By Molly Grogan, Third Year, English
Andrew Dominik’s Blonde is horrifying, in many senses of the word. It should not be mistaken for a biopic, because the book by Joyce Carol Oates- upon which the film is loosely based- is not meant to be a work of biography. It is instead a speculative reimagining of Norma Jean Baker’s life and the persona of Marilyn Monroe, which haunted and terrorised her as she rose to fame.
It’s undoubtedly a psychological horror: bizarre, eerie, and disturbing for viewers who expected it to be anything but another attempt at re-exploring the over-exploited tragedy of her life. But what is worse than the treatment of her sexuality, painting her as a meek, childlike ingenue who seems ready and willing to be naked at any given moment, is that the film is directed by a man.
Where does this obsession with understanding Marilyn Monroe come from? Why does the cultural zeitgeist feel such an instinctual impulse to uncover or expose her life? Why won’t we let her lie peacefully? It obviously has something to do with our broader attraction to her, our strange insistence that she is a sex symbol that somehow represents modern culture.
There is this sense that she, existing now in the limitless abyss of the internet, belongs to us in some way. That we deserve to know what really happened, who she slept with, and how this may have led to her untimely death. It’s perverse and voyeuristic.
But it is celebrity culture; the mania that repeats again and again, building myth and magic around the people we just happen to watch on screen. Although Dominik aspires to unpack this through ambiguity and artsy shots, his film fails to land, I would suggest, on account of this very obsession.
The moments where audiences of Blonde might expect there to be glamour, a sweeping soundtrack, humour, or a happy ending are instead given a raw, unfiltered, uncomfortable truth. Piercing shrieks, falling tears, distressing images; a woman suffering, all over again, for the benefit of us viewers to sit and observe from the comfort of our sofas. All for entertainment.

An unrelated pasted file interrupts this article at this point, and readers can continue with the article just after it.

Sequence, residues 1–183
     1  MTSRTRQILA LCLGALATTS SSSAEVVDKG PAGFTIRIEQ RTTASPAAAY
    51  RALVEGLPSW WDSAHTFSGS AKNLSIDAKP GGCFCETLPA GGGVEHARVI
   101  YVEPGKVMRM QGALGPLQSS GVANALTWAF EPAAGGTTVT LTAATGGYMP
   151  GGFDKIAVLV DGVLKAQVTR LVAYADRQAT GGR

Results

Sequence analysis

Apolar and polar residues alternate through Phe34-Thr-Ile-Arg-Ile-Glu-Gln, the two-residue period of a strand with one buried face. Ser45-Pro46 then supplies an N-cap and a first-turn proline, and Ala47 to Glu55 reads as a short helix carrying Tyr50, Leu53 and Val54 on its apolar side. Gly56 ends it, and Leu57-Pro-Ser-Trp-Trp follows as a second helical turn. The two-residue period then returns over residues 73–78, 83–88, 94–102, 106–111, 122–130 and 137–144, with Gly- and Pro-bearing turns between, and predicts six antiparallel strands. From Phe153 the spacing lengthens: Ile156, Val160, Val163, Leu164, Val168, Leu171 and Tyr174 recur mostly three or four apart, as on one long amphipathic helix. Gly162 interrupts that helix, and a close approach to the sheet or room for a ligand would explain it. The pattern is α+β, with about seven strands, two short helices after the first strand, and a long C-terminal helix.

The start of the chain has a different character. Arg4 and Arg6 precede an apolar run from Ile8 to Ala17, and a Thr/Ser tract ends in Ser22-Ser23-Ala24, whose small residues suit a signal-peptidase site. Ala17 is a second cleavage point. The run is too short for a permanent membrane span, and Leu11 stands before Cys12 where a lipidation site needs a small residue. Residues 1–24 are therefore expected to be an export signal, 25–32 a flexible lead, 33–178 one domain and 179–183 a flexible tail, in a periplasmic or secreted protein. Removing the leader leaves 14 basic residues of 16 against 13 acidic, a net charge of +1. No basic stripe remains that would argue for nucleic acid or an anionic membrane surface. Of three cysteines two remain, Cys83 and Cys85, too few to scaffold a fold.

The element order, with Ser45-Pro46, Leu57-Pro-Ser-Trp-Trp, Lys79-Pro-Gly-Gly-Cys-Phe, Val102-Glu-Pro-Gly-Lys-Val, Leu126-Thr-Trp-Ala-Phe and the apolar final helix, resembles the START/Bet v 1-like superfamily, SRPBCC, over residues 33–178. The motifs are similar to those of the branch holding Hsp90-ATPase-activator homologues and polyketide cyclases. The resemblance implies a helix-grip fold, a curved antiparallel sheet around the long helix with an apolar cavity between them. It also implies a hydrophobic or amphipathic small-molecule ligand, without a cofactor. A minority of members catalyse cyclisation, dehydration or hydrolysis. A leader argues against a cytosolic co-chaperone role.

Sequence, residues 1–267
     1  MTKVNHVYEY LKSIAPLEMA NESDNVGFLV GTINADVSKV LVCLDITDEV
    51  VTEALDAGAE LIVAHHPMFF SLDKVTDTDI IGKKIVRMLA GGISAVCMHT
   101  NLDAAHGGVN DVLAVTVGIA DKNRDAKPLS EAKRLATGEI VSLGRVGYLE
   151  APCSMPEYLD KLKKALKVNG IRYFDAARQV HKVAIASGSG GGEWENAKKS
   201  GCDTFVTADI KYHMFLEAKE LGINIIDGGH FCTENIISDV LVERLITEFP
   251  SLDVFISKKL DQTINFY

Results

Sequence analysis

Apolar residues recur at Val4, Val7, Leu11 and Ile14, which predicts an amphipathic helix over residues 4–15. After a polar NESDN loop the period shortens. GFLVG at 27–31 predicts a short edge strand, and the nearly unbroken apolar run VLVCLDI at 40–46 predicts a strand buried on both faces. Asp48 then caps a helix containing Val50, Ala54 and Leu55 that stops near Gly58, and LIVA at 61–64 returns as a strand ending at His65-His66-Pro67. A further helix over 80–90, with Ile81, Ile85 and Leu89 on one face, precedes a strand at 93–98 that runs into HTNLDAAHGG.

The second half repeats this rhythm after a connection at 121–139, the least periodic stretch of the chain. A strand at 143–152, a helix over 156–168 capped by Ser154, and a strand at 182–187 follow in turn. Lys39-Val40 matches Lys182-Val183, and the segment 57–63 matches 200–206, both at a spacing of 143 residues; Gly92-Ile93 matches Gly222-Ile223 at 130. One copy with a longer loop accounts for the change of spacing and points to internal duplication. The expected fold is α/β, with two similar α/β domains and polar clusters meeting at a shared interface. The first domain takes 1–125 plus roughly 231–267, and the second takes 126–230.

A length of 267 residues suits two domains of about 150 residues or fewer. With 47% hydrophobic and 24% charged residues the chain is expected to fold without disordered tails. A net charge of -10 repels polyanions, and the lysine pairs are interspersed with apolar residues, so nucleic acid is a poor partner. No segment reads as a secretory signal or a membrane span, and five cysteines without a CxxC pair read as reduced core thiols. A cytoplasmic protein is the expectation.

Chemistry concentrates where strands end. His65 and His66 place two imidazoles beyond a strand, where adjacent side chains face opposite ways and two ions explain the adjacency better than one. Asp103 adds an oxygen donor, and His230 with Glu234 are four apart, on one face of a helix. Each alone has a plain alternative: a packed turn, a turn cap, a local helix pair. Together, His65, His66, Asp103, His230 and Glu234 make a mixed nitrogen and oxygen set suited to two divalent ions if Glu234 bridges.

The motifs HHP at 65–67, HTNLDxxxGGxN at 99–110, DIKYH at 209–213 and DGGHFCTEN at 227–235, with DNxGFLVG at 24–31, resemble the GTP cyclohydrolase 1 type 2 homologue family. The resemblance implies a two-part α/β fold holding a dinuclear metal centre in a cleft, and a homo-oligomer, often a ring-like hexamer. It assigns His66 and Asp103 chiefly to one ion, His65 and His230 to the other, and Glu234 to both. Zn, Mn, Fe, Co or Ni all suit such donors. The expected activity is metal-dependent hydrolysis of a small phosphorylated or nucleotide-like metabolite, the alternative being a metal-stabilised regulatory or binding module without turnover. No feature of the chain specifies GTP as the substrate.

One would hope that this is at least meant to speak to the exploitative nature of fame, especially Monroe’s own. But, without consistency of form or focus, it just feels wasted.
Between blaming her childhood trauma, abuse suffered in adult life, and her own personal choices (as it felt Dominik occasionally veered towards), any specific tragedy quickly becomes too difficult to keep track of. It all seems too disturbing to contemplate.
At times, Dominik’s attempt to separate Monroe from Norma Jean felt overdramatic and undermined any degree of agency she may have had. She was a machine, it seemed to suggest, controlled by the industry and her own girlish naivety. Her dumbness. A narrative I thought we were working so hard to unwrite.
But if there is one thing that I liked (and I knew I would), it was Ana De Armas’ flawlessly uncanny performance. Down to the minute facial expressions and manners of speech (despite De Armas’s own native Cuban accent), she evokes Marilyn’s essence without force. I spent many scenes, mouth agape, trying to work out if it was archive footage of the real, inimitable Marilyn, or De Armas’s reproduction.
Adrien Brody also does well to portray the melancholy Arthur Miller, resulting in chemistry with De Armas that makes their unlikely real-life relationship feel totally possible, as though the audience were a fly on the wall in the dimly lit restaurant tristes.
The switches from black and white to glorious technicolour seem to want to mirror her mood, with those “happier” moments filled with the vibrant red lips and pink satins that were so iconic to her. But its inconsistency towards the latter part of the film just feels slightly clumsy.
Blonde, besides its aesthetic and cast, misses the mark, seeking to undress yet another layer of the mythic Miss Monroe. As if it were somehow critical to reopen the long-healed cultural wound again, she is accordingly exploited for what feels like no real reason at all. As much as Dominik wishes to paint Monroe and Norma Jean as separate entities, in her life they came together in one very real woman, the lack of respect for whom is the most horrifying thing of all.
Featured Image: IMDB
Will you be watching yet another morbid adaptation of Marilyn Monroe's life?